Partner Spotlight: St. Patrick’s Center
May 16, 2023
St. Patrick’s Center on 14th Street in Wilmington has been a community fixture for 50 years. Led by Executive Director Peter Slattery (pictured left), the center “transforms lives by building community, addressing poverty and restoring hope.”
This center takes a holistic approach to meeting the needs of community members. It offers hot breakfast, groceries, showers, laundry services and other social services to community members. An on-site social worker is also available to help with resource referrals, and a senior center provides entertainment and fellowship for area seniors. Busses, operated by the center and donated by DART, provide transportation to and from.
As a partner agency of the Food Bank of Delaware, St. Patrick’s Center receives no-cost food from the Food Bank to help meet the needs of the community. Hot breakfasts, a choice food pantry, a monthly Saturday fresh food distribution and a monthly senior meal box distribution help to meet the nutritional needs of the community.
Slattery says that most of the center’s visitors come from Wilmington’s 19801 and 19802 zip codes. According to the State of Delaware’s MyHealthy Community dashboard, more than a quarter of residents live below the poverty line.
Elizabeth Sanon (pictured right) is the Food Program Director for St. Patrick’s Center and notes seeing increases in demand due to inflation and the end of pandemic-era emergency SNAP benefit allotments. “Demand is up 200% compared to this time last year,” she said.
To help meet these increased demands, the Center relies on community donations, volunteers, and a variety of food sources including regular fresh food donations from Trader Joes and Acme. Each week, 302 Food Rescue Crew members pick up from the Naamans Road Acme and deliver to the center. Providing fresh food is a priority for Peter and Elizabeth. Many of the center’s visitors have difficulties accessing perishable foods due to cost.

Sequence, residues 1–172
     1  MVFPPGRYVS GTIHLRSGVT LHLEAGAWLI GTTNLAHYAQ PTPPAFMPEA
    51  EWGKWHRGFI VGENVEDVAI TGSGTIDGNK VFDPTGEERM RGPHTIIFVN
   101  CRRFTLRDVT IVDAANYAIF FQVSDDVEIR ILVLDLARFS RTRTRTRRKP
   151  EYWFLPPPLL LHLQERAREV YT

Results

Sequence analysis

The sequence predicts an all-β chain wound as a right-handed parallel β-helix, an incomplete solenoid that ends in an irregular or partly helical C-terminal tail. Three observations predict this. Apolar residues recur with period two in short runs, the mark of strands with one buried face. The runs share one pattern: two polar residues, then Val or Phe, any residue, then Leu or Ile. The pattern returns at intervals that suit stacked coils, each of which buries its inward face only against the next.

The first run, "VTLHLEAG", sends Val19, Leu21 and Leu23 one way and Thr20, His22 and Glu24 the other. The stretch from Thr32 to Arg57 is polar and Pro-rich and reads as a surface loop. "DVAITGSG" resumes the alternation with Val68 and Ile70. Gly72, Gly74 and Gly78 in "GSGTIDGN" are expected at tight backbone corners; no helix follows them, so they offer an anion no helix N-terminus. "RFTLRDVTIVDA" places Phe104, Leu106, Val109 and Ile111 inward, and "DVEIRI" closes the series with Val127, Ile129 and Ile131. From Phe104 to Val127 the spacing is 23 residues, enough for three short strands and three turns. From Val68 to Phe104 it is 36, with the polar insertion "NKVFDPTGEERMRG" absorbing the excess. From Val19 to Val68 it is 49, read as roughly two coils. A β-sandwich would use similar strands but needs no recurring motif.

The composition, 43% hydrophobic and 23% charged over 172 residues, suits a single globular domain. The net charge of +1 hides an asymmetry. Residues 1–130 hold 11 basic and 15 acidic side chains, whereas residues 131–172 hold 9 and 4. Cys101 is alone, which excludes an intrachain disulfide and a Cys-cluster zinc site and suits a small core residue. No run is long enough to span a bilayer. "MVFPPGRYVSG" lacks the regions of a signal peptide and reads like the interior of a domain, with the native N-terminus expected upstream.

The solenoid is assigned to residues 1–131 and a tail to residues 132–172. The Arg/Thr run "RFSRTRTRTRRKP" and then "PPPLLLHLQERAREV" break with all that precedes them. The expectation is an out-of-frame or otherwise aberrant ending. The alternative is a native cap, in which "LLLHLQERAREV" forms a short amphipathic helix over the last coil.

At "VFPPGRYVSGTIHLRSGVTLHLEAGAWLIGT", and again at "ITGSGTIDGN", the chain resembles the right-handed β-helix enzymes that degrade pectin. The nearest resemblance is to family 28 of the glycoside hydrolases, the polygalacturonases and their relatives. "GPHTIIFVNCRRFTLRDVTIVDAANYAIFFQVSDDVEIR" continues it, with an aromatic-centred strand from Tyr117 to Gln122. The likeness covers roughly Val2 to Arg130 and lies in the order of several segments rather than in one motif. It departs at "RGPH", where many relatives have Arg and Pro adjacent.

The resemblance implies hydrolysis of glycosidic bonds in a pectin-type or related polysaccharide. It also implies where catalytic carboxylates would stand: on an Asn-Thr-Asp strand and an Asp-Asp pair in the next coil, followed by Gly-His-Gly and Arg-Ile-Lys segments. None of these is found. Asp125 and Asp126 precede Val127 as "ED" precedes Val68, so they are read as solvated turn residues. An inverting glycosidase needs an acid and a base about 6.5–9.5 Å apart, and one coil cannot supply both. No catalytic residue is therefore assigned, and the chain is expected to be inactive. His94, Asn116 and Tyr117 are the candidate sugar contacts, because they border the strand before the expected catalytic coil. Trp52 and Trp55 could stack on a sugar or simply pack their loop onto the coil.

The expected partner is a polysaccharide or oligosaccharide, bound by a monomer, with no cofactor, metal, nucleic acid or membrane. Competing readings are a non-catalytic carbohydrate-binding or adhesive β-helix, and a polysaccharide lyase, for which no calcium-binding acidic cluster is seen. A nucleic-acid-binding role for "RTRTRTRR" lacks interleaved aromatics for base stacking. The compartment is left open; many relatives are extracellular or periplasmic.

Every week day morning, a line forms outside the center as community members wait their turn for breakfast. In addition to breakfast, tables filled with nonperishable and perishable foods line the St. Patrick’s church hall. Visitors can select the foods best suited for their households, and shelf-stable meal kits provided by the Food Bank are also a convenient option for the center’s transient population. Peter and Elizabeth point out that community members can receive food assistance as often as they need it. Due to limited storage and small refrigeration spaces, many neighbors only take a few items at a time.
Last year, the organization provided more than 300,000 meals to neighbors in need, even with limited space. Currently, food for its distribution programs is stored on the second floor of the center and carted down via elevator each day. More cold storage space is also needed. The organization hopes a recent influx of $600,000 from the American Rescue Plan Act’s Capital Projects Fund will help increase efficiencies so the team can distribute even more food to the community.
The team at St. Patrick’s serves its community with dignity, respect and compassion. To learn more about the organization’s work, click here.